Welcome to the aftermath of Apple’s WWDC keynote address, otherwise known as Triple-click Home Episode 30. This month, the team pokes a bit of fun at some Twitter feedback while discussing the rather momentous news from this year’s WWDC event.
From Pam Francis:
Hello folks, Thank you for another quite informative addition of triple click home. I agree with your assessment of the entitlement mentality. I think it truly begins at home when a blind person is young and attempting to integrate with the family. If the family is ignorant of whatever resources they can access to help their blind family member, it’s easier to wait on them, do for them, make them feel entitled, ultimately giving them a pass at life. I know from personal experience how once family can make one feel like a sore thumb, sticking out with and family activities, children’s games etc. by the grace of the living God, I had an advocate from the time I was in preschool through early adulthood. She was my preschool teacher in a blind preschool here in Kansas City. Her advocacy along with my extroverted personality helped me escape the shelter of my family and grow into myself. I think it is also imperative for anyone with any kind of a disability to develop networking skills within their community. As for the division between the blind organizations, I think it has done more harm than good. We all have a common goal as all of you stressed on your Podcast. I understand there are different ways to get there, however there’s no reason for all of the backbiting between the various organizations and their splinter groups. That in itself helps to create the negative image we, who are functioning members of society have to live down. I don’t belong to either group. I don’t feel better than anyone, yet I don’t want to deal with all of the infighting that comes with group membership. I have done things and Been places within my life that the majority of my family members dream about. I’m not afraid to go anywhere. I also heard you make mention of looking at restaurant menus. Not sure if you’re familiar with the allmenus app. I’m enclosing a link to the app within the body of this email. It is completely accessible. The link I have is to the iOS app. I don’t know if It is available on android. In closing, I hope in this era of technology the division between the blind organizations and blind people in general has been mitigated by the use of technology and the need to learn. Thanks again, keep up the good work. Sincerely, Pam francis
From Jenine Stanley:
Thanks Lisa for verifying my thought about the new Fleksy. I kept thinking the keyboard was smaller and I actually like it now that I got that idea into my head and am using it as such rather than the old way. I still want an easier way to do numbers and symbols but I’ll use the VO app if I really want that. Nice that both still work.
As for us as a community, the divide as I see it is those who want to be just people who happen to not do things visually versus those who want to be considered special because of that fact. These divides are present within both national groups of blind people so it’s not an ACB versus NFB thing so much as a focus on what you can do versus what you can’t.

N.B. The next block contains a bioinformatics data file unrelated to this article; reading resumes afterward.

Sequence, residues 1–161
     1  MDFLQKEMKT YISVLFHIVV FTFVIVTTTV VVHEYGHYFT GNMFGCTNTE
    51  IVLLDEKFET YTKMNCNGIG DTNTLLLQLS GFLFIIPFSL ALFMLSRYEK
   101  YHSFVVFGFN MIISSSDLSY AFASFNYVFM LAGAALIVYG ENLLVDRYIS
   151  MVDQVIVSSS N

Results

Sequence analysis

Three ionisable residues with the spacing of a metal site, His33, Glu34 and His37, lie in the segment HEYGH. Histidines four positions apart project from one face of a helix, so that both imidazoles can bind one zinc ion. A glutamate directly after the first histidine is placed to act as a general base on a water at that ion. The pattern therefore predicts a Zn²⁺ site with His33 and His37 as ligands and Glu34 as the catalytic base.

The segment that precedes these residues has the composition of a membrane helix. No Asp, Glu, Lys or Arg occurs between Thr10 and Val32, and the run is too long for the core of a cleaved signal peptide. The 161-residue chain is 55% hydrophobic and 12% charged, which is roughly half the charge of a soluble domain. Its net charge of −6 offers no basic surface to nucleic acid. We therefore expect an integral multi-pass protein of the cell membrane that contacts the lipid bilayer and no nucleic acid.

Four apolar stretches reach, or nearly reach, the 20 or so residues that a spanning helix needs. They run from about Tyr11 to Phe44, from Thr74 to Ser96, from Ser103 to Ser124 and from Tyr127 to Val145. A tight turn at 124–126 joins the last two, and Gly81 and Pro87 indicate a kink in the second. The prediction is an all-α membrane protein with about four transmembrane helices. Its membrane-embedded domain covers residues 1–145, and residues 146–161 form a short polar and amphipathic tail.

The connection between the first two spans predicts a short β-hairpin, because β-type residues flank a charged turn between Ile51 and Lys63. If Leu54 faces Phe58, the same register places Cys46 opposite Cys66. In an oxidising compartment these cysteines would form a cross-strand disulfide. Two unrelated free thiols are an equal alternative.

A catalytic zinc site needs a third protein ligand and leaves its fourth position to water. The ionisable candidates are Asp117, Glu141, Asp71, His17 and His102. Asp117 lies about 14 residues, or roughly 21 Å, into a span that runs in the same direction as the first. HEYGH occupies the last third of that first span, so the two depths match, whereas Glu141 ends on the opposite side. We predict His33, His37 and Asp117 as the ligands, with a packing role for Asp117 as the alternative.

I just see so much of the attitude that “We can’t because we are blind and we need this or that special thing, service or price break.” versus “OK, if you could add this, I’d have an even better experience with your product or service than I already do.”
Now if we can get Fleksy into Status Report I’ll be a very happy camper.
Another from Jenine:
Not to be a curmudgeon about this one but though the UK has more audio description, is it as good? Is some info, even when grossly incorrect, better than no info?
OK, I’ll admit to being a spoiled purist when it comes to audio description. I cut my teeth on the proliferation of live audio description done by really quality describers that has been available in Columbus, Ohio since the ’80’s. Wow, looking back, that’s a long time.
The height of this experience was seeing Titanic described live. Sorry James Cameron and Angie Dickenson, our live describer had you both beat hands down.
So I do enjoy grabbing TV series and such from places like Blind Mice Mart but recently I was very frustrated with my experiences with one.
I am a giant Game of Thrones fan and actually read all of the books before gobbling up the TV series. I know the plot, the characters, all that good stuff and there are a ton of characters in this story. I recommended the HBO series to a friend in part because of the stunning audio that comes with HBO production. Great but she was so confused by the audio description getting the names wrong or giving minimal or sometimes incorrect descriptions of things that she gave up or had me translate.
That got me wondering about other shows with such description. I gave up on Downton Abbey in part because the description frustrated me.
so be careful what you wish for.
Buddy Brannan is getting fit and having fun at the same time with the popular iOS game Zombies, Run!
Finally, John Panarese is being a good uncle and getting into baseball this season with the MLB At Bat app.
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